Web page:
Even the woman long on phone numbers but short on friends had a dog - the one true friend everyone can have. But unfortunately, they cannot wait with you at the hospital.

Smart phones have clearly changed the face of the hospital experience. Everyone was playing on their phone.  Without a charger (this will NOT happen again) my phone battery ran out pretty quickly and when they finally took me away from Other Half, I couldn't even text him. Bummer Dudes!

So I decided to just pull out a pen and paper and write down my impressions from the ER. Wrong! I didn't have a pen in my wallet. I had left it on my kitchen table. DUH!  So I sat there, with muddy pink boots, muddy blue jeans, and a funky green hospital gown. I was a true fashion statement. I sat and listened to the dramas unfolding around me. No sense wasting this experience. I opened my eyes and embraced it.

I worried about the old man behind the curtain beside me. I listened to make sure he didn't fall. While I couldn't catch him, I could pick him up. Fortunately, the nurses were watching him closely too. He was grounded when they finally took his pants. That did it. No self-respecting man of his age was going to climb out of bed in search of a bathroom wearing just a hospital gown. In time, they found his daughter and all was well for everyone.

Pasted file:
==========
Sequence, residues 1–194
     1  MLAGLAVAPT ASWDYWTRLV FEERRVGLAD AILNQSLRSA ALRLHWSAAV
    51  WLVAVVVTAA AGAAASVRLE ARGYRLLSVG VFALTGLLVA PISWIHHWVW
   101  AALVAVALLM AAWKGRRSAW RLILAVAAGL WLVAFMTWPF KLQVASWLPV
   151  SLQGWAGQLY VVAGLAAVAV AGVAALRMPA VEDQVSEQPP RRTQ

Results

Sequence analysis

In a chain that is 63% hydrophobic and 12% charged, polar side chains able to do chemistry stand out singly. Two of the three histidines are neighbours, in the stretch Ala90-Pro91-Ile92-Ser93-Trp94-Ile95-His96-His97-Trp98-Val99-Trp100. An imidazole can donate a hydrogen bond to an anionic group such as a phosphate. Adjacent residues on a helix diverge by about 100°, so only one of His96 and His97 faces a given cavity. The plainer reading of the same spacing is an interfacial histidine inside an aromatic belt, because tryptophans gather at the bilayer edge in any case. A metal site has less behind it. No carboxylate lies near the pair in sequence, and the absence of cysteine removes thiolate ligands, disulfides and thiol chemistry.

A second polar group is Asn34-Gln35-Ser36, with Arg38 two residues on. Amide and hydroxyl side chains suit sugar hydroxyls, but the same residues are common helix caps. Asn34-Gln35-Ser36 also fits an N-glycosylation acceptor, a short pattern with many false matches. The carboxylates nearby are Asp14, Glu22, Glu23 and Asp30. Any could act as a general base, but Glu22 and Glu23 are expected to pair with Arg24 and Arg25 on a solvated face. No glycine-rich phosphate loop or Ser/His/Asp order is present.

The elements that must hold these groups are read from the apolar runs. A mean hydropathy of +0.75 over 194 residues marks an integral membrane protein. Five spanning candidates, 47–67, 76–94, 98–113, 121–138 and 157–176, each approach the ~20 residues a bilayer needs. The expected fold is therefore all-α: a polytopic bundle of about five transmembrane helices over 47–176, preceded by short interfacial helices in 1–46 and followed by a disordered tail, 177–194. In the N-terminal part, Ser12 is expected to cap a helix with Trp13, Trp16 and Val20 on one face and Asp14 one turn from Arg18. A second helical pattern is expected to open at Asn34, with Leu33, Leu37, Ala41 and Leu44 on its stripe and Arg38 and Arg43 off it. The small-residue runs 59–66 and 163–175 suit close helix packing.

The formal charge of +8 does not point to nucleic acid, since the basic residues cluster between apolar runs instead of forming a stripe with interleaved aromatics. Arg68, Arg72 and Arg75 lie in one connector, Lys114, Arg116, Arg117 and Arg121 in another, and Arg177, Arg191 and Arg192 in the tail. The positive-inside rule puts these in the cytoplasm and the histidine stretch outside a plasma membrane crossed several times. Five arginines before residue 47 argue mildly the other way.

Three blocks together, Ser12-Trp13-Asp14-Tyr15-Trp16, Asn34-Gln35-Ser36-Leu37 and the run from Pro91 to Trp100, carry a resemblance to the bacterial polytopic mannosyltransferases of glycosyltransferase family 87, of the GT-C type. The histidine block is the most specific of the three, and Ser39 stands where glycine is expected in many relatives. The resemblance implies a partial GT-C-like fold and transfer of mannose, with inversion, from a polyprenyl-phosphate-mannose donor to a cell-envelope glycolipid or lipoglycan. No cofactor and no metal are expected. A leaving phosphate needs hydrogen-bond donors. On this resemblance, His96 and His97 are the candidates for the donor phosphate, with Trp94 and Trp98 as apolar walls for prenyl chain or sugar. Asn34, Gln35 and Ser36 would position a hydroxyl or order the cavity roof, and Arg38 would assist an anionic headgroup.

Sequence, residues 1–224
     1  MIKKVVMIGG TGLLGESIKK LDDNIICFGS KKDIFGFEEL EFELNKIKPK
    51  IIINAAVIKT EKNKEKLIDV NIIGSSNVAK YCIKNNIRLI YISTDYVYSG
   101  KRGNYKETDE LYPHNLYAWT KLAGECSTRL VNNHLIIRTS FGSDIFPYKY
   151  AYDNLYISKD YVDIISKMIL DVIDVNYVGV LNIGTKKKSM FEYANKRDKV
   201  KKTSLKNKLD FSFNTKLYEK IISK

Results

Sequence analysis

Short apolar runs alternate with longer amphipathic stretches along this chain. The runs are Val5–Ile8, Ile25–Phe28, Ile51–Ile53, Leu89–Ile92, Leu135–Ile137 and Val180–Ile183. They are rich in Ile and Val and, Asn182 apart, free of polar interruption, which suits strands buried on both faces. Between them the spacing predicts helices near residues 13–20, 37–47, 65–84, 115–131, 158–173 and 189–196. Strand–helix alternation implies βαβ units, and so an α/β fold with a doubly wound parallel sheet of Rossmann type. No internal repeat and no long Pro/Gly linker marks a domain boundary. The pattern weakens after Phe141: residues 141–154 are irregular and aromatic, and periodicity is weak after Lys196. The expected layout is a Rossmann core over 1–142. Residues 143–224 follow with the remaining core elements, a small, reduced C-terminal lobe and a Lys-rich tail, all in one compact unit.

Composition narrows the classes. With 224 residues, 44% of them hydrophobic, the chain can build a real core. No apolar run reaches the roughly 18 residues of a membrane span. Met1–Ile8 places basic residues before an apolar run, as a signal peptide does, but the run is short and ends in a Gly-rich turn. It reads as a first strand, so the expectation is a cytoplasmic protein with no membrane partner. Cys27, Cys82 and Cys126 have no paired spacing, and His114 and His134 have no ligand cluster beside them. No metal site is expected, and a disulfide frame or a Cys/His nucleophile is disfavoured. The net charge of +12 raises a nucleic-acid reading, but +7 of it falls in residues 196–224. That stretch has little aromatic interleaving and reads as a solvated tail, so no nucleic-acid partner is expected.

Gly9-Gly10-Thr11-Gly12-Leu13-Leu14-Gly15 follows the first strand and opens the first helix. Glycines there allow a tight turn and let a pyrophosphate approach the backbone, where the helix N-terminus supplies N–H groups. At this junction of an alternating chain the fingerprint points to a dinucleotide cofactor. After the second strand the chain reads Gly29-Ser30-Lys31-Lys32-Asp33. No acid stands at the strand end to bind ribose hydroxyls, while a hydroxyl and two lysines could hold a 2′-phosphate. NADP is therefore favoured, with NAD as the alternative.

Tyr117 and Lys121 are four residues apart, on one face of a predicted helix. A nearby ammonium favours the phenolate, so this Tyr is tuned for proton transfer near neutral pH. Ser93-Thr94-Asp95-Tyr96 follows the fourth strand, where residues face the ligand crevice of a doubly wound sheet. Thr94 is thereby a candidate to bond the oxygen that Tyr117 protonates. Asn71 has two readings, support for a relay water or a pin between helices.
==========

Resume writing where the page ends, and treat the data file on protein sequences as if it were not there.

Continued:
I also followed the drama of the young prisoner. He was two curtains away from me. I watched his guard leaving him repeatedly. I just ASSUMED that he was handcuffed to the bed. DUH! The staff (and I) thought he was faking his seizure. They were most short and rude with him. This was my first clue that he was faking.

 "Clean yourself up!" they kept telling him.

Apparently in his desire to not go to jail, he had faked a seizure and pooped on himself. There's a trip to the hospital for ya! So I listened to the drama with great interest. This cat was a runner. I waited for him to run past my curtain, wondering if I should tackle him. I decided that I would. It would make my wait go by faster and since I had no cell phone, it was the best excitement I could muster. I started to text Other Half and tell him to look out for this clever cat but my phone was dead.

Sure enough, the guard left the guy alone again and he made his move - out the OTHER doorway.  I never heard it open. He didn't pass my curtain, so I didn't realize he had made a break for it until the nurse told me.  ARGH!!!  I asked her if my Other Half did anything  since that door opened to where he was waiting. She said that Other Half had seen a naked man in a hospital gown trying to leave the hospital and alerted someone. That's when she found out my cell phone was dead and offered to charge it for me. God bless nurses!